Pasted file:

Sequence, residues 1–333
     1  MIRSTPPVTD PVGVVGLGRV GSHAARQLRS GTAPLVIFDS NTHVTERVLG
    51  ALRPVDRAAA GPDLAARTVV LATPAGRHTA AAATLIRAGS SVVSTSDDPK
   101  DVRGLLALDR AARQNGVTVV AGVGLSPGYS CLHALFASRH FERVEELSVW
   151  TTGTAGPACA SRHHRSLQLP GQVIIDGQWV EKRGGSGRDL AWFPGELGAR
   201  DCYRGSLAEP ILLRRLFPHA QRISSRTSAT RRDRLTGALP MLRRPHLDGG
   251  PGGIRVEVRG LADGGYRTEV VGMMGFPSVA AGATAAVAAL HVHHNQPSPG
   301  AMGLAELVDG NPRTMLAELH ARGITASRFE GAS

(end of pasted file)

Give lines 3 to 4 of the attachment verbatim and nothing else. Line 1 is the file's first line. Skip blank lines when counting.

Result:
    51  ALRPVDRAAA GPDLAARTVV LATPAGRHTA AAATLIRAGS SVVSTSDDPK
   101  DVRGLLALDR AARQNGVTVV AGVGLSPGYS CLHALFASRH FERVEELSVW